Donald Trump is hosting NBC's “Saturday Night Live” -- in a highly-anticipated appearance that is also bringing sharp criticism about the Republican presidential candidate’s comment, particularly on Mexican immigrants.
While the New York-based sketch-comedy show has a 40-year history of lampooning politicians, even getting some to mock themselves, booking a presidential candidate to host is almost unprecedented.
Trump said Friday night on Fox News’ “The O’Reilly Factor” that he nixed some proposed skits because they were too risqué, particularly, it seems, for the all-important social-conservative vote in early-voting state Iowa.
“I had to,” Trump said. “I’m leading in Iowa. I want to stay leading in Iowa.”
Previously, only eight politicians have served as guest hosts. Only one of those -- the Rev. Al Sharpton, in 2003 -- was actively involved in a presidential bid at the time. (Hillary Clinton appeared in last month's season premiere, but not as the host.)
This won't be Trump's first turn as guest host. The billionaire developer and media celebrity presided in April 2004, a few weeks after NBC's "The Apprentice" debuted.
This time, "SNL" will serve as a campaign stop on Trump's drive for the Republican presidential nomination.
Meanwhile, the TV platform granted him has fanned the flames of outrage sparked in June when he announced his candidacy and described some Mexicans who are in the United States illegally as criminals and rapists
Those immigration comments spurred NBC to sever its Miss Universe ties with Trump while declaring he would never return to his "Apprentice" role.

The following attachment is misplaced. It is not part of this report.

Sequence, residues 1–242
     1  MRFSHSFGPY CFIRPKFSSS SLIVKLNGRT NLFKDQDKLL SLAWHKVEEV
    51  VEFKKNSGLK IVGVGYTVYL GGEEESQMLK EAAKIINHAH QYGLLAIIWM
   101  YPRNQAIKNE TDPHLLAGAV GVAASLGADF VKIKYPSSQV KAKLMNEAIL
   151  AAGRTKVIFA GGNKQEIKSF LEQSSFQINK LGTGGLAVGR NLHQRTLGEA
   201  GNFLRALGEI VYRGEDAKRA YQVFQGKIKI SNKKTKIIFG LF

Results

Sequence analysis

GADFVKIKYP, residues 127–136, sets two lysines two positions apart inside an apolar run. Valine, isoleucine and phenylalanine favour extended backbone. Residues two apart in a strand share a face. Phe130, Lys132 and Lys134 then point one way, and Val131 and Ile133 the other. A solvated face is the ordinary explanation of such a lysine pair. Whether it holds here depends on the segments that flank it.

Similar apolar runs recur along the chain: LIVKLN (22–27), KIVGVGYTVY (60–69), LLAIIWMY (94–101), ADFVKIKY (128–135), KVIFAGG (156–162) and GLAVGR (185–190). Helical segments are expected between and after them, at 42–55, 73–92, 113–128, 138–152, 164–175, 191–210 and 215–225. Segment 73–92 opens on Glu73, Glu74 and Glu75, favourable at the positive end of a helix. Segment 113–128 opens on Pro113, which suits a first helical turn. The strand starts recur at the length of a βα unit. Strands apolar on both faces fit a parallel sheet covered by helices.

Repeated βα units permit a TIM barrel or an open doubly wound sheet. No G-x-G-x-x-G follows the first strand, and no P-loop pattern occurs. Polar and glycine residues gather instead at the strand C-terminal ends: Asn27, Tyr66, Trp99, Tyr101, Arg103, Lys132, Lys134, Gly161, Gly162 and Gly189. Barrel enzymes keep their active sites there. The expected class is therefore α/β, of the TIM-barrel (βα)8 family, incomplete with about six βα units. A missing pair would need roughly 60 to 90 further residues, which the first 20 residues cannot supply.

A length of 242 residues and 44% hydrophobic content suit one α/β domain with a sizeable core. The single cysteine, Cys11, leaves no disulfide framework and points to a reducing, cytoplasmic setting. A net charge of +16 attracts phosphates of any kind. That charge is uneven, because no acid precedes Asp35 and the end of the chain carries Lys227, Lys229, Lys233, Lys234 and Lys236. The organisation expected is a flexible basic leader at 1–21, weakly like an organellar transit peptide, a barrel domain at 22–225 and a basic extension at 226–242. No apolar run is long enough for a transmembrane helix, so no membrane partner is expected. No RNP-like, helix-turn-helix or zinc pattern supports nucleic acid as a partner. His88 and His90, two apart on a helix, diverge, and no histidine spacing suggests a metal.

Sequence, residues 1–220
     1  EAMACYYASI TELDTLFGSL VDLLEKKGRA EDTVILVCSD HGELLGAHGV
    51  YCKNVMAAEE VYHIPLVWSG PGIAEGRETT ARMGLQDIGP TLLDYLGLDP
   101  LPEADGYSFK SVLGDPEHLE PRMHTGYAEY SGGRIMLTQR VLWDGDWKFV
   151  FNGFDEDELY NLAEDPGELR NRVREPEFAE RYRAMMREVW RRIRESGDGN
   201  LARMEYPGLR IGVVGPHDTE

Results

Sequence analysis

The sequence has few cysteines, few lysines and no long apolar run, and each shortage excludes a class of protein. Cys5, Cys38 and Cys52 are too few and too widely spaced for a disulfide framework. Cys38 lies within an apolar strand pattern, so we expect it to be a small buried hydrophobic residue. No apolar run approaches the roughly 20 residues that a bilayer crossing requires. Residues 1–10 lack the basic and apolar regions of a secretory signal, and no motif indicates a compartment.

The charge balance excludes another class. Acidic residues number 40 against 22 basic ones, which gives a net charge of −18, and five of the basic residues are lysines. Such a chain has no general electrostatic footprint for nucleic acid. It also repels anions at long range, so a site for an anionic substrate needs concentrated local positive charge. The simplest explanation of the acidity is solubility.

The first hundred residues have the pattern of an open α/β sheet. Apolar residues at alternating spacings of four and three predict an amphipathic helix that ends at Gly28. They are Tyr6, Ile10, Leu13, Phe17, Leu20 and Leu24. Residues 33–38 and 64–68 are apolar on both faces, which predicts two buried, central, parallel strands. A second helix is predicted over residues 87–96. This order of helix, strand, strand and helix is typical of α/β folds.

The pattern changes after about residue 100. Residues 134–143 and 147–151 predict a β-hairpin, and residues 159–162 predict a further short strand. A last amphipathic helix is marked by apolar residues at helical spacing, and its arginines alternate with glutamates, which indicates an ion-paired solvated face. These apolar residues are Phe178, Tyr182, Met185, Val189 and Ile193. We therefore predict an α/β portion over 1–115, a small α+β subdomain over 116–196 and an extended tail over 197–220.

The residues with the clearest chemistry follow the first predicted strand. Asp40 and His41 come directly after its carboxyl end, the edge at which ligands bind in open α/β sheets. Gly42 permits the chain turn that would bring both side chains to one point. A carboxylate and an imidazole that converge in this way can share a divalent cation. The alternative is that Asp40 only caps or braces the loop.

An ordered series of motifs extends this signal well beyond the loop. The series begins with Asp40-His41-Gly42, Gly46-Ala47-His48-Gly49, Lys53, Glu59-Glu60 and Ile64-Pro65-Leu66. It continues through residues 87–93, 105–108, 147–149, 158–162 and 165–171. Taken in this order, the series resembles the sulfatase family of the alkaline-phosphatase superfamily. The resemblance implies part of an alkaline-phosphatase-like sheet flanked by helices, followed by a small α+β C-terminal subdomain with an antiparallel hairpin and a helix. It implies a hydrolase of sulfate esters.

Fox News reported late Saturday that a group of protesters that were demonstrating in front of the Trump Organization's headquarters, "Trump Tower" on Fifth Avenue, will march the few blocks down to NBC's studios at Rockefeller Center prior to the broadcast.
This week, NBC faced mounting pressure from a coalition of advocacy groups calling for Trump to be dropped from "SNL" for what one spokesman termed his "racist demagoguery."
Groups have also protested outside the show's NBC studio in New York.
NBC has not responded to the outcry, and Trump's 90 minutes in the "SNL" spotlight seemed certain.
Typically outspoken, Trump has welcomed the controversy, predicting it would only boost his audience.
For candidate Trump, whose many interview and debate appearances are drawing large viewerships, a spike in this week's "SNL" ratings seems assured.
The Associated Press contributed to this report.